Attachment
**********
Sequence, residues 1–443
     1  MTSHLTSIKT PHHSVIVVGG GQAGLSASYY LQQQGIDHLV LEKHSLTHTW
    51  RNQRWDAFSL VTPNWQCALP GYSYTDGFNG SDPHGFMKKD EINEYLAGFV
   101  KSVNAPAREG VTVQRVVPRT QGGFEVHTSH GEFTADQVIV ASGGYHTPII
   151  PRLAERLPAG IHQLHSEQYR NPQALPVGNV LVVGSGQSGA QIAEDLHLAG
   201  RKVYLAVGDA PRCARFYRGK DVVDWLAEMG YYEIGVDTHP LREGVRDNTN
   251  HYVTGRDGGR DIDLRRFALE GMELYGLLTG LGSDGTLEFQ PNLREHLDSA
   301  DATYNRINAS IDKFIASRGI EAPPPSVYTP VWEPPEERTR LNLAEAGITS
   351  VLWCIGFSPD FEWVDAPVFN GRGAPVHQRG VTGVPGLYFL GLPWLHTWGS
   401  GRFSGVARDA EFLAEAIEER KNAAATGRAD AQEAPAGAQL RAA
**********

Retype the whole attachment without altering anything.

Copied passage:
Sequence, residues 1–443
     1  MTSHLTSIKT PHHSVIVVGG GQAGLSASYY LQQQGIDHLV LEKHSLTHTW
    51  RNQRWDAFSL VTPNWQCALP GYSYTDGFNG SDPHGFMKKD EINEYLAGFV
   101  KSVNAPAREG VTVQRVVPRT QGGFEVHTSH GEFTADQVIV ASGGYHTPII
   151  PRLAERLPAG IHQLHSEQYR NPQALPVGNV LVVGSGQSGA QIAEDLHLAG
   201  RKVYLAVGDA PRCARFYRGK DVVDWLAEMG YYEIGVDTHP LREGVRDNTN
   251  HYVTGRDGGR DIDLRRFALE GMELYGLLTG LGSDGTLEFQ PNLREHLDSA
   301  DATYNRINAS IDKFIASRGI EAPPPSVYTP VWEPPEERTR LNLAEAGITS
   351  VLWCIGFSPD FEWVDAPVFN GRGAPVHQRG VTGVPGLYFL GLPWLHTWGS
   401  GRFSGVARDA EFLAEAIEER KNAAATGRAD AQEAPAGAQL RAA